What do you get when you blend violence-as-humor, ironic use of racial and other epithets, casual misogyny, and the kind of relentless profanity that’s the sure sign of a lazy writer who can’t be bothered to come up with original verbal shock tactics? A Behanding in Spokane is what you get, and, in the case of this critic, eyes rolled all the way into the back of my fucking head.
Irish playwright Martin McDonagh followed his acclaimed Aran Islands Trilogy with a foray into Hollywood. He wrote the the screenplay for In Bruges, one of my favorite films of 2008. But, back on Broadway for the first time in four years, he has taken a major misstep with A Behanding in Spokane, his first work set in America. And what did the celebrated playwright pick up in the New World? A bad case of the affliction that saddles too many writers these days: actue Tarantino-itis.
Don’t get me wrong – I enjoy Tarantino’s writing and directing, but his example has begat so many wannabees who believe that Attitude is all you need for success.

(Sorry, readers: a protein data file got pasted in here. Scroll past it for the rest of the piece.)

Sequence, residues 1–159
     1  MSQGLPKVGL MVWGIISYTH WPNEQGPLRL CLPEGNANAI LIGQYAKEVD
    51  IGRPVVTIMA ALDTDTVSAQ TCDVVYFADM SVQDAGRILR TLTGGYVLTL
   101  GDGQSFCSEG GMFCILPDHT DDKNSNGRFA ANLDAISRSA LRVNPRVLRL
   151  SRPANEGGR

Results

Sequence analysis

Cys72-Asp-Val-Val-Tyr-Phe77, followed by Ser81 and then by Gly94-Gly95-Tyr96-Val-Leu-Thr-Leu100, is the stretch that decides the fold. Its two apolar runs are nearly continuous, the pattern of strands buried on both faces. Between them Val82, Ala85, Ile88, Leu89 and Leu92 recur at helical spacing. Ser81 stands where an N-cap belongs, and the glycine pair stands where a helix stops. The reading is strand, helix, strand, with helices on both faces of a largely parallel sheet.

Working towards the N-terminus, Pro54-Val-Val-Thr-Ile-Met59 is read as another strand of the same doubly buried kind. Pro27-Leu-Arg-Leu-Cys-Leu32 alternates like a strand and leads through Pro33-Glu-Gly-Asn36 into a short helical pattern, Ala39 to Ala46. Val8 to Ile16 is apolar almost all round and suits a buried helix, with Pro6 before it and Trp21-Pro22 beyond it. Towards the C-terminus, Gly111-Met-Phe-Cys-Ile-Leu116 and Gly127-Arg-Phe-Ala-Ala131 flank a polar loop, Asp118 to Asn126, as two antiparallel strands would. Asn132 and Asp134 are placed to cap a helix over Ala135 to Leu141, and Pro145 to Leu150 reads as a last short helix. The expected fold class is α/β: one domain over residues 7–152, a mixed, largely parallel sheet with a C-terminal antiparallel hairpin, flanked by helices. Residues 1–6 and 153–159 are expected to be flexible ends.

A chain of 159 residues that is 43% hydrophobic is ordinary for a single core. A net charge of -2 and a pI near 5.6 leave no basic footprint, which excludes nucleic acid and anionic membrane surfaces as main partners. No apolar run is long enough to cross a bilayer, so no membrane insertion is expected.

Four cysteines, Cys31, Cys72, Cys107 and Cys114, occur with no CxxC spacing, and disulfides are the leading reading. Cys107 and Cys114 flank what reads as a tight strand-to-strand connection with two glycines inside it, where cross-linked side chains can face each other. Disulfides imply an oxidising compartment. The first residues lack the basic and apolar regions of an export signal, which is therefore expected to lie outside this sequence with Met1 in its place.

Christopher Walken stars as the behanded Carmichael (affected much?), a man who lost his left hand forty-seven years ago to a gang of cruel hillbillies in a railroad yard. He has been seeking his missing digits ever since, and meets with a pair who claim to have in their possession that long lost hand. If you’re eyes aren’t rolling already I can’t help you. In Bruges worked so well because despite the seeming leading with what appear to be the standard-issue assassins-on-the-run type, there’s a lot of heart and emotion behind the characters’ motives. It was more than just a po-mo gangster black comedy: it was a moving character study. But Walken plays Christopher Walken, and the self-consciousness of the writing is met by Walken’s own self-consciousness – his delivery is forced, his timing mannered, as if instead of putting his signature voice and timing into a well-drawn character, he’s competing with the writer’s own notion of what a Christopher Walken character ought to be like. Sam Rockwell does somewhat better as the hotel clerk/receptionist; he seems to have walked off the set of a particularly violent episode of the Andy Griffith Show, and that’s as good as angle as any to take with this material, but the material really favors for no one – least of all the would-be hand dealing couple, an African American (Toby, played by Anthony Mackie, who gets some laughs mostly at his expense) and a blonde (Marilyn, natch, played by Zoe Kazan) who are subject to nearly all of the aforementioned ironic epithets.